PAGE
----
In Western Standard, LLC, v. SourceHOV Holdings, Inc. and Pangea Acquisitions, Inc., C.A. No. 2018-0280-JRS (Del. Ch. July 24, 2019), the Delaware Court of Chancery (the “Court”) refused to the grant SourceHOV Holdings, Inc. (“SourceHOV”) and Pangea Acquisitions, Inc.’s (“Pangea”) motion to dismiss, holding that more extrinsic evidence was needed for the Court to be able to interpret the terms of the merger agreement (the “Merger Agreement”) among Pangea and BancTec, Inc. (“BancTec”) and decide whether there was a valid breach of a contract claim.
In early 2014, Pangea acquired BancTec through a merger of BancTec and a Pangea subsidiary. The Merger Agreement provided for an earn-out to former BancTec stockholders in the event that Pangea’s controlling stockholder realized certain returns, as outlined in a formula in the Merger Agreement, on its post-merger stock. Unlike a typical earn-out provision that is tied to defined performance milestones, this earn-out is tied to certain shares and certain designated events with respect to those shares.
Following this merger, Pangea underwent two more mergers. First, in September 2014, SourceHOV and Pangea executed a merger agreement whereby SourceHOV created a merger subsidiary that merged into Pangea, with Pangea surviving as a subsidiary of SourceHOV. Second, In July 2017, SourceHOV merged with and survived as a subsidiary of a special purpose acquisition company called Quinpario Acquisition Corp. 2, which then changed its name to Exela.
Plaintiff, Western Standard, LLC, (“Western Standard”) the stockholder representative for BancTec stockholders as designated in the Merger Agreement, alleged the earn-out was triggered by the 2017 stock-for stock merger and requested books and records and the payment of the earn-out consideration. SourceHOV and Pangea disagreed and refused to pay or provide Western Standard with the requested books and records. Hence, the breach of contract claim.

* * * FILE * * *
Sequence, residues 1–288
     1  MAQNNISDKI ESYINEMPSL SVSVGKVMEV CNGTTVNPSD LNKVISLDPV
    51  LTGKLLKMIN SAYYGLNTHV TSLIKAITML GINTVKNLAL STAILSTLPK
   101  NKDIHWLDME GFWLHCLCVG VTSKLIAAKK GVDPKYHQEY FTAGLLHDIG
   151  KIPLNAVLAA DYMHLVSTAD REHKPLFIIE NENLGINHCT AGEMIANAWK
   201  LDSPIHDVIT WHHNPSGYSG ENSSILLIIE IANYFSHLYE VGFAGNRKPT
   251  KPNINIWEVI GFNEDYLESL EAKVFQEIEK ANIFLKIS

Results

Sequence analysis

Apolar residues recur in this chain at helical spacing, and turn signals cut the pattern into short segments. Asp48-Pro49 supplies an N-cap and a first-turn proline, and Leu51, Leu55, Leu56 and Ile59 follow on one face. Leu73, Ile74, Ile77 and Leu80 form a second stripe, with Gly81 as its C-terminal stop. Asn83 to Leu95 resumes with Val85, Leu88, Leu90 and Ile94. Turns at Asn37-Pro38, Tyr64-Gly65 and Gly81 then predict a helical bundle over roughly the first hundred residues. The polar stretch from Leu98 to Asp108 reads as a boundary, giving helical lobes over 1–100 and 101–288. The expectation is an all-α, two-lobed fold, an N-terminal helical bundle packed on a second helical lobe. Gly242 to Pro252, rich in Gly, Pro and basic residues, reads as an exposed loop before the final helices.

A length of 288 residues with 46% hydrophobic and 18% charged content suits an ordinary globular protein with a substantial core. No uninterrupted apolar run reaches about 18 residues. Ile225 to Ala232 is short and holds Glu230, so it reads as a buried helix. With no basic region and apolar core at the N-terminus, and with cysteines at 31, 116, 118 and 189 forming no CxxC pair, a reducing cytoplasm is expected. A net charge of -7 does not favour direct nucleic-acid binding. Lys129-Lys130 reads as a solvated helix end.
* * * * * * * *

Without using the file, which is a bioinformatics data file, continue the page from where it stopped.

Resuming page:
According to SourceHOV and Pangea, the Court did not need to engage in any interpretation of the Merger Agreement because the stock to which the earn-out right attached was extinguished in the 2014 merger between SourceHOV and Pangea and thus was no longer relevant. Alternatively, they argued the unambiguous terms of the Merger Agreement reveal that no earn-out payment is due. They sought dismissal of Western Standard’s breach of contract claim on both grounds under Chancery Rule 12(b)(6).
Western Standard, on the other hand, argued that the controlling stockholder’s Pangea stock remained intact after the 2014 merger, and that SourceHOV and Pangea’s failure to pay the earn-out consideration violated the clear and unambiguous terms of the Merger Agreement. Alternatively, it maintained that the Merger Agreement is ambiguous and, thus, the parties must be afforded an opportunity to present extrinsic evidence in support of their proffered constructions.
The Court found Western Standard’s position to be more persuasive. According to the Court, Pangea emerged from the 2014 merger looking very much as it did before the merger. Its certificate of incorporation and bylaws remained unchanged and it continued to be controlled by the same stockholders. It therefore concluded SourceHOV and Pangea’s argument that the stock to which the earn-out right was attached no longer existed in 2017 could not be supported.
Furthermore, after reading the Merger Agreement more than a dozen times, the Court could not find any way to understand the path by which the parties intended for the earn-out to be triggered and paid, and it did not find the proffered interpretations of any of the parties in any way conclusive or persuasive. According to the Court, the provisions at issue raised more questions than answers and therefore more extrinsic evidence was needed for the Court to be able to make any sense of them whatsoever.
In conclusion, the Court refused to dismiss the action against SourceHOV and Pangea and ordered them to provide Western Standard with the requested books and records, as required under the Merger Agreement. Furthermore, all parties were ordered to provide extrinsic evidence in support of their positions.